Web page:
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Tax Tip of the Week | No. 448 | Litigious Times for Farmers (and All Businesses) February 21, 2018

Posted by bradstreetblogger in : General, Tax Planning Tips, Tax Tip , add a comment

Tax Tip of the Week | Feb 21, 2018 | No. 448 | Litigious Times for Farmers (and All Businesses)

I am not an attorney. I am not an insurance agent. Much of the following content was derived from “Welcome to the Litigious Age” written by Chris Bennett in the Farm Journal (January, 2018 pages 26-27). His article is slanted towards farmers but many of the ideas and concepts also apply to other businesses and industries. His article discusses the need for having appropriate insurance coverage. And, yes – good insurance is generally considered as the first line of defense against litigation. At the end of this article, I will briefly discuss the use of various entities as another line of defense.

Physical injuries can occur on a farm. They can happen to practically anyone. The list of people that could come in harm’s way is long and includes neighbors, employees, subcontractors, workers, suppliers, relatives, friends, passersby, hunters, trespassers, sales reps, guests, customers (e.g. hayrides). Lawsuits may ensue as the result of an injury. Such lawsuits are capable of swallowing the farm’s assets. Too often, farmers and other business owners are viewed as being wealthy with significant assets or having deep pockets. Even if the claim is insured, the existing coverage may not be enough. In this situation, the farmer may be responsible for the shortfall. Often after paying a claim an insurance company may cancel the policy or increase future premiums. For an example, one farmer allowed a neighbor to ride a snowmobile across his property. The neighbor ran into a white gas storage tank.  Argument was “the farmer should have recognized the low-visibility of the tank and marked it.” The insurance company paid the claim. But, with increased premiums to the farmer the insurance company will eventually recover their losses.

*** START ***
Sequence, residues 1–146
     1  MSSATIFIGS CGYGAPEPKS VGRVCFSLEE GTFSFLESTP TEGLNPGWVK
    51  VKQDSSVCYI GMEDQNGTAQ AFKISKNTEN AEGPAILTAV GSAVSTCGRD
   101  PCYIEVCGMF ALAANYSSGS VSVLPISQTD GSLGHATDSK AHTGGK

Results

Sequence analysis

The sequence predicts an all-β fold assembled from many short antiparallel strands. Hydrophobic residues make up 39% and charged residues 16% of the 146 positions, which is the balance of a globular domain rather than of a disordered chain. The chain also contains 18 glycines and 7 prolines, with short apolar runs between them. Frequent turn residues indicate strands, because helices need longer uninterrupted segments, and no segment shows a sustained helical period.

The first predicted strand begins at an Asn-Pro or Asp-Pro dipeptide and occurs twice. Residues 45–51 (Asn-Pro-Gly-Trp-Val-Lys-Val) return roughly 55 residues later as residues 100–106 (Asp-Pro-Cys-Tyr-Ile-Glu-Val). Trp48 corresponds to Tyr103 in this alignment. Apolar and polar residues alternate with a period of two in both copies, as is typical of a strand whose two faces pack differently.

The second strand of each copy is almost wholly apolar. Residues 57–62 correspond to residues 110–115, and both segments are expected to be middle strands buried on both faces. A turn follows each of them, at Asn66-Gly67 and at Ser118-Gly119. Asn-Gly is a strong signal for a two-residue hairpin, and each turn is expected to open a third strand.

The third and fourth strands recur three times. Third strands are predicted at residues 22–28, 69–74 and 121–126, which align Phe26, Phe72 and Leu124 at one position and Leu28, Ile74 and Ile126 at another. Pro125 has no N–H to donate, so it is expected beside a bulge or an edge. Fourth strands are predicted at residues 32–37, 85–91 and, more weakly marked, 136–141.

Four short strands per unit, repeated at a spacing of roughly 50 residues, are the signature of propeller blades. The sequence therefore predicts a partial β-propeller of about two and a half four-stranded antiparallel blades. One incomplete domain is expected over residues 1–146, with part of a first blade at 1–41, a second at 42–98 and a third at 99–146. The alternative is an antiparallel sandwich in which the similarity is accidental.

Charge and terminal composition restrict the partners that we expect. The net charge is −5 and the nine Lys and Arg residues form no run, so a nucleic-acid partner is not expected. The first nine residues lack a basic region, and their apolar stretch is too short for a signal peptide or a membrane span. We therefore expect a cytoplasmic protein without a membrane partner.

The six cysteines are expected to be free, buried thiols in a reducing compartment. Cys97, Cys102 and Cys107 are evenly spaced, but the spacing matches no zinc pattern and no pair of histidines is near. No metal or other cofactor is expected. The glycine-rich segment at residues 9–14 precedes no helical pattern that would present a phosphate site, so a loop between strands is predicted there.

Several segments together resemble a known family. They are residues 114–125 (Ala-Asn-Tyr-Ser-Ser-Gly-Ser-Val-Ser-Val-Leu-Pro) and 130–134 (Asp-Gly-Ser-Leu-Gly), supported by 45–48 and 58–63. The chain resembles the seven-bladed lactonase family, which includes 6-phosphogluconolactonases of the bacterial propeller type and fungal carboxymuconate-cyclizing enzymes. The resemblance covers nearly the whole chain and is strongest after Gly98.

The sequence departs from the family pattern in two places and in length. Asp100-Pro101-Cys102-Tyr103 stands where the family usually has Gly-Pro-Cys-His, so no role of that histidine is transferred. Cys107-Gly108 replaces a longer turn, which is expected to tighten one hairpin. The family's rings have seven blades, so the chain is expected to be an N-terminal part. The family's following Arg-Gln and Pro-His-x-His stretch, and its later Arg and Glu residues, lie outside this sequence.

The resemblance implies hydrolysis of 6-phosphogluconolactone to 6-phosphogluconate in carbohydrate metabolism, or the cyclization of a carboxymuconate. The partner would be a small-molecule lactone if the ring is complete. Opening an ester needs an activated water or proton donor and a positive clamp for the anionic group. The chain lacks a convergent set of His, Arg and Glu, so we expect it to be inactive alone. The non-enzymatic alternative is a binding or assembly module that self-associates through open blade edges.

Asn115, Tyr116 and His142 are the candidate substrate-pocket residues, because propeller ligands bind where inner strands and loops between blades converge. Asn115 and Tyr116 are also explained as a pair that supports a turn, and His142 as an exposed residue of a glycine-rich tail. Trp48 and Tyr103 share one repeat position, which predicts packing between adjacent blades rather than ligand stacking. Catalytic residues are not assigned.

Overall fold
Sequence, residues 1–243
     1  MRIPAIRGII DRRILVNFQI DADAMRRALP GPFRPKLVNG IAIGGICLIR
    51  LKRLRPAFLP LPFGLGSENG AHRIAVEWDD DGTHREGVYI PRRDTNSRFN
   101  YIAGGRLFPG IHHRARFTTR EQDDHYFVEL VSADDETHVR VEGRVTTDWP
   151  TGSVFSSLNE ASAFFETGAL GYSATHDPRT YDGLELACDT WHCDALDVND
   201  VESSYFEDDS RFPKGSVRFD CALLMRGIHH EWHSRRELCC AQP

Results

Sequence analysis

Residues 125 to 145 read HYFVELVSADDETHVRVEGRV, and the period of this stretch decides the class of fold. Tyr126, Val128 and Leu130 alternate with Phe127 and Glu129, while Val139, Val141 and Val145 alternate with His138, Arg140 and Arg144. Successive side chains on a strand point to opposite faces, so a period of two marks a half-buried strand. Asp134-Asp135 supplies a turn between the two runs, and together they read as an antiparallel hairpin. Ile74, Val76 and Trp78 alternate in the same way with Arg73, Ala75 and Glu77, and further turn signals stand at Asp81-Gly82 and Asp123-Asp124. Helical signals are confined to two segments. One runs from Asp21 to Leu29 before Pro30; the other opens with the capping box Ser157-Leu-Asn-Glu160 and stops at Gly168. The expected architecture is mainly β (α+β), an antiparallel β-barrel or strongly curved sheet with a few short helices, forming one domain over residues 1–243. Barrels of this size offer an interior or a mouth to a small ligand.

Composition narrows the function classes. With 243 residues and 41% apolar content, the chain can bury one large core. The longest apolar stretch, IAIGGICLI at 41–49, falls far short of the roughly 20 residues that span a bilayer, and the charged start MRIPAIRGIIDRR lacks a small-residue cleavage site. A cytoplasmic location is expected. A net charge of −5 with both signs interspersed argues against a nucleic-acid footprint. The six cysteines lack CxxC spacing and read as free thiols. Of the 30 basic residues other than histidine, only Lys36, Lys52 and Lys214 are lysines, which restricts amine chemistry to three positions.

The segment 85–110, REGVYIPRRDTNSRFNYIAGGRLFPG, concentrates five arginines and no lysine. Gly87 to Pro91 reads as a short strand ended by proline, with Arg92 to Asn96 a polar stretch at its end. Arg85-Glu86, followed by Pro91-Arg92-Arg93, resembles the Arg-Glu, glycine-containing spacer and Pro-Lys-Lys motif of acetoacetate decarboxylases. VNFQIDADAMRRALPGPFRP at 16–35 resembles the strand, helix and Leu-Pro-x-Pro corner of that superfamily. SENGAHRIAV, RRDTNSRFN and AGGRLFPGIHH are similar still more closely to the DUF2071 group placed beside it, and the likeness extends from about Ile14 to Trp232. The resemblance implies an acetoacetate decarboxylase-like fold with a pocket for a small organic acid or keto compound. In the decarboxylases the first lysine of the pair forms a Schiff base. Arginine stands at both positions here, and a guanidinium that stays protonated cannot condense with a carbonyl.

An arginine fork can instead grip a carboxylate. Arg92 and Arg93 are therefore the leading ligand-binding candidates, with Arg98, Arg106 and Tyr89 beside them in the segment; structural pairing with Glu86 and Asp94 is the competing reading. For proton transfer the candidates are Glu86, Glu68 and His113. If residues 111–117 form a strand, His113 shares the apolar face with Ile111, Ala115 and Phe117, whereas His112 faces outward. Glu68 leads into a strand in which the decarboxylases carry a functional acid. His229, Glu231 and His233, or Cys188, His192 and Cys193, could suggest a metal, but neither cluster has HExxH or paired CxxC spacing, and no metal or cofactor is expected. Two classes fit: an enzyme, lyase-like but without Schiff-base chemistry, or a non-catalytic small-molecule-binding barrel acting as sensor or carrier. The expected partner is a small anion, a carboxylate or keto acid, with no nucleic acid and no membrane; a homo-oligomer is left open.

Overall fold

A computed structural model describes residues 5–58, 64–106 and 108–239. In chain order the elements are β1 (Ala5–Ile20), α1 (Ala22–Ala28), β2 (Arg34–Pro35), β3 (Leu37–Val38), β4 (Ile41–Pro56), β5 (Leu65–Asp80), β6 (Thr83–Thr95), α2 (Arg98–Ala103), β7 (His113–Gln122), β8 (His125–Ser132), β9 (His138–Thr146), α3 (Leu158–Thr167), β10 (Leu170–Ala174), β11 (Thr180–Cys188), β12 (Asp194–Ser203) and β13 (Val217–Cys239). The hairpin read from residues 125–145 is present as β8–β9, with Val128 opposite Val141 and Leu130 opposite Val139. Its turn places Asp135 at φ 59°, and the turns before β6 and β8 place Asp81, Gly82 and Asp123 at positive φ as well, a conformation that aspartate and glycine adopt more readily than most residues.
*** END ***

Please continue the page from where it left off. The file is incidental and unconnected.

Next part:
Meeting with your insurance agent at least once a year makes a lot of sense. Much of your insurance policy is often difficult to understand. So many farms’ assets and various operations may require specific coverage that is not otherwise covered by a general liability policy. Find out from your agent what is covered and what is not. Do you have enough coverage to protect your assets?  Etc.

As promised earlier – I will briefly discuss some of the traits of various entity choices and their application to a conversation on insurance coverage and potential litigation. First, let me define an entity. An entity includes a person, partnership, LLC, trust, or corporation – each of which has a separately identifiable existence. Each entity choice may come with its own set of tax rules and other regulations. The best way to describe some of the benefits of entities is to mention the old adage of – don’t put all of your eggs in a one basket, because if you do then the possibility exists of losing all of your eggs in one painful moment. Use of various entities aside from only a personal one may provide you with an opportunity to have multiple baskets to divide up your eggs. So in the event of some unfortunate mishap you would not have all of your eggs in one basket. As always, please consult with your insurance agent, attorney and your CPA.